– the Lord’s acceptance of Solomon’s prayer of dedication and his approval of the Jerusalem temple as the place for his Name to dwell (7:12b),

– the Lord’s promise to Solomon and the people he shepherds (7:13–18), and

– the Lord’s threat of punishment for disobedience (7:19–22).

A. (:12-16) Significance of the Temple to the Lord

“Then the LORD appeared to Solomon at night and said to him,”

August Konkel: The second night vision at Gibeon occurs after Solomon completed all his building projects (2 Chron 7:11), which was twenty years after the previous assembly at Gibeon (1:3). The first vision was before the seven years of temple building (1 Kings 6:37) and another thirteen years of building projects (7:1; 9:10). If these building projects were in sequence, as seems to be the case in the Deuteronomistic presentation (cf. 9:10), and if the ark installation took place immediately when the temple was completed, this vision is thirteen years after the festivities celebrating the ark.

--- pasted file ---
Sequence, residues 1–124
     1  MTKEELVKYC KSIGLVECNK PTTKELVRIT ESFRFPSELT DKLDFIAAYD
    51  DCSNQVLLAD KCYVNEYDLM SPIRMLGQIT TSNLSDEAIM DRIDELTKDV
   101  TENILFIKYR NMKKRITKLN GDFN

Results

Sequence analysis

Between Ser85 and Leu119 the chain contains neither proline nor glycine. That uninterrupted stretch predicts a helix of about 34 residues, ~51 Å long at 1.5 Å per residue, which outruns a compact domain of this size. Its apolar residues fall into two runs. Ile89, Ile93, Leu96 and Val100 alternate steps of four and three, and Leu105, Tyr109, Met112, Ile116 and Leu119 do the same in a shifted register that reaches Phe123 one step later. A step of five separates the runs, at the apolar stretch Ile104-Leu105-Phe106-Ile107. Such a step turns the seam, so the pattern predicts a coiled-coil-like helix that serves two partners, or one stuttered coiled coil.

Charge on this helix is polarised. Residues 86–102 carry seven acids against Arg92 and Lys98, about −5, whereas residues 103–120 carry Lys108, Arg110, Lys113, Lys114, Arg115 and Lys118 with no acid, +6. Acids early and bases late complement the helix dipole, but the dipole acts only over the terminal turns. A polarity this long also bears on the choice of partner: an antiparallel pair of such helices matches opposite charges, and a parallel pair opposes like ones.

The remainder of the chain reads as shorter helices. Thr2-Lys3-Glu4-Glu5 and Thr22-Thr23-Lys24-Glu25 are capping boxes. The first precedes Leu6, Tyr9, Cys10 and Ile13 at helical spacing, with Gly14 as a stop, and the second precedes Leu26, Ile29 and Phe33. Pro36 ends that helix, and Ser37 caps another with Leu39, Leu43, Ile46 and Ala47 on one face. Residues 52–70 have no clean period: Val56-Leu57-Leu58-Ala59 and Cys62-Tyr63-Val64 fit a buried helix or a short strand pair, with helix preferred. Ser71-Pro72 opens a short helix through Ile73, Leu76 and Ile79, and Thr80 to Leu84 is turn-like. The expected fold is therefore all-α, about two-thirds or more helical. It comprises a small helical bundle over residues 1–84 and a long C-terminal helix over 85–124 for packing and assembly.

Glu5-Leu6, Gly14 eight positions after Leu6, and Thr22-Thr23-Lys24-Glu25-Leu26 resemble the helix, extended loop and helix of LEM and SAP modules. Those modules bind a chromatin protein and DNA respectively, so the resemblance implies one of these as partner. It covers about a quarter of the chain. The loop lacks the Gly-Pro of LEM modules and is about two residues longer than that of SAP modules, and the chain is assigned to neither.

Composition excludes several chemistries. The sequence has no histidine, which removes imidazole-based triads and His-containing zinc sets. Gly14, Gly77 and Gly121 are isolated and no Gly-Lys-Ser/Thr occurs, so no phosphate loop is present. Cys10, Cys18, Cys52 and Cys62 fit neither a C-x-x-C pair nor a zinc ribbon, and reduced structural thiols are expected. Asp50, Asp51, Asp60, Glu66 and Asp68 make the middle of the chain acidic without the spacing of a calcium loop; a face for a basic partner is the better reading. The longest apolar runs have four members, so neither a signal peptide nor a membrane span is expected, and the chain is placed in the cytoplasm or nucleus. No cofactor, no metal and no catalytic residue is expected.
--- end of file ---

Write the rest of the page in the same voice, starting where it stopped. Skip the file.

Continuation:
1. (:12b) Chosen by God as a House of Sacrifice

“I have heard your prayer,

and have chosen this place for Myself as a house of sacrifice.”

2. (:13-14) Chastening for Sin Will Require Repentance for Healing to Maintain the Divine Presence

“If I shut up the heavens so that there is no rain, or if I command the locust to devour the land, or if I send pestilence among My people, 14 and My people who are called by My name humble themselves and pray, and seek My face and turn from their wicked ways, then I will hear from heaven, will forgive their sin, and will heal their land.”